NORMAN, Okla. — The parties in a First Amendment lawsuit involving the City of Norman, a council member and a resident have opted to settle.
A hearing scheduled for Friday in Cleveland County Court that would have involved the city, Ward 4 council member Bill Hickman and plaintiff Casey Holcomb has been canceled after Judge Thad Balkman approved the motion, his office confirmed Wednesday. The Court Clerk's Office also confirmed the hearing had been canceled, since a settlement is pending.
The lawsuit centered on comments and posts made by Holcomb on the Ward 4 Facebook page. It alleges that Hickman, in his role as a moderator of the page at that time, violated Holcomb's First Amendment rights by censoring his comments on the digital forum.
Hickman has since vacated his role as moderator of the page.
Kevin R. Kemper, attorney for Holcomb in the case, said the parties were still finalizing the settlement and that it will be made public once complete. Kemper said among the last few items to iron out is whether City Council needs to approve the settlement for it to be finalized.
Hickman announced last month he will resign from council Tuesday.
"I know Hickman will no longer be on council, but he agreed that he wouldn't be doing what he did," Kemper said. "Our position remains the same. Public officials' actions through social media are to protect free speech rights."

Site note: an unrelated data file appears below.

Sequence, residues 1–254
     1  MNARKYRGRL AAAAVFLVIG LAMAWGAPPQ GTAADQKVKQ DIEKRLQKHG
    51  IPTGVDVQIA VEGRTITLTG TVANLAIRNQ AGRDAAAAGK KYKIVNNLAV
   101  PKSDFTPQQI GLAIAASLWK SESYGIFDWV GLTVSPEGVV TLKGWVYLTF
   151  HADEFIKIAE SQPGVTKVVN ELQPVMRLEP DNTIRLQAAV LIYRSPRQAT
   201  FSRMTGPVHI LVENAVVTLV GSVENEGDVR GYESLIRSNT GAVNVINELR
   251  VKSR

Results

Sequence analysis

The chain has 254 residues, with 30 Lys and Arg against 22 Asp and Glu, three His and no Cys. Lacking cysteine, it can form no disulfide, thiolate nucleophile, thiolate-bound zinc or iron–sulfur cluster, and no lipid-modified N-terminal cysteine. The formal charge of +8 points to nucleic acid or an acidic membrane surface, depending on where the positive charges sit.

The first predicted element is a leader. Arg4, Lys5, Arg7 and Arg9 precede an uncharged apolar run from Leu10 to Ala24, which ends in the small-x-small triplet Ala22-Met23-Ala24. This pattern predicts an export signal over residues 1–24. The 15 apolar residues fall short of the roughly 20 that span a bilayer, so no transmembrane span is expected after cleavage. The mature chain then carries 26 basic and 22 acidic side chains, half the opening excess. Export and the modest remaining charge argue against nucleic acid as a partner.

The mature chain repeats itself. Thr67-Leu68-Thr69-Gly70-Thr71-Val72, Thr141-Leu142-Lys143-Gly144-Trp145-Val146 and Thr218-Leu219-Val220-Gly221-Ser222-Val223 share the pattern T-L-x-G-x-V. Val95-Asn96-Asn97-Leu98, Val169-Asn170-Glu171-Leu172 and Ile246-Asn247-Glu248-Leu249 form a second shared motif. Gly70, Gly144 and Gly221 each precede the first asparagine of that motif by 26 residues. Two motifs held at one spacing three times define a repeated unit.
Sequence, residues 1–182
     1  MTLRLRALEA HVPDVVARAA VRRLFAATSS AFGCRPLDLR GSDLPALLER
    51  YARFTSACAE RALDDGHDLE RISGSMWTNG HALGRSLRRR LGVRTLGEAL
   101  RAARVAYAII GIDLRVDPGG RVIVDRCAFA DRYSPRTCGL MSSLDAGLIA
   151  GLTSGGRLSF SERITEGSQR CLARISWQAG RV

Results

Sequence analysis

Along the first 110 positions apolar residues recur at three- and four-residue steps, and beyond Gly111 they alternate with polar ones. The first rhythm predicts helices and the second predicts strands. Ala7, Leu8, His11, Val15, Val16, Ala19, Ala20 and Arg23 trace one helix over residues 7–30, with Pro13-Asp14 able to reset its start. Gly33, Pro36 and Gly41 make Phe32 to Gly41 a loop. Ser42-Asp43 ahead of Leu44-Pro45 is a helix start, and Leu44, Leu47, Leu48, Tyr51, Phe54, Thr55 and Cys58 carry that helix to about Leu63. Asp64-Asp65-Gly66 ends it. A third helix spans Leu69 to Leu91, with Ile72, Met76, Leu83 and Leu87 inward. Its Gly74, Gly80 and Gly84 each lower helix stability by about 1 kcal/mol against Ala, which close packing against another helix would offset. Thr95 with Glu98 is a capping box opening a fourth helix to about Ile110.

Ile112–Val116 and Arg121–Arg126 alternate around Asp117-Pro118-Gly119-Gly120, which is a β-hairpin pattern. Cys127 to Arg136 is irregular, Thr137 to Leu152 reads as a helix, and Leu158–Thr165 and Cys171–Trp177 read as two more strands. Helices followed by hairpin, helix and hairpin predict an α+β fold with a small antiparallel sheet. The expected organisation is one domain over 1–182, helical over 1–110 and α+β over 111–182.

Kemper said the ruling in the U.S. Court of Appeals for the 2nd Circuit earlier this year -- which said President Donald Trump cannot block Twitter users from seeing his tweets or interacting with him -- acted as some guidance for his client's case. The settlement offers a framework for future cases where public officials interact with constituents and have some control of public platforms.
Kemper said he wants to commend the city and Hickman for coming together to discuss the details of the case and come up with a way forward.
"The lawsuit, we believe, brought the city, Mr. Hickman and Mr. Holcomb to the table to talk about ways we can better protect free speech and public dialogue. This is an area in which the law is still in flux, and we think this agreement will set a good precedent."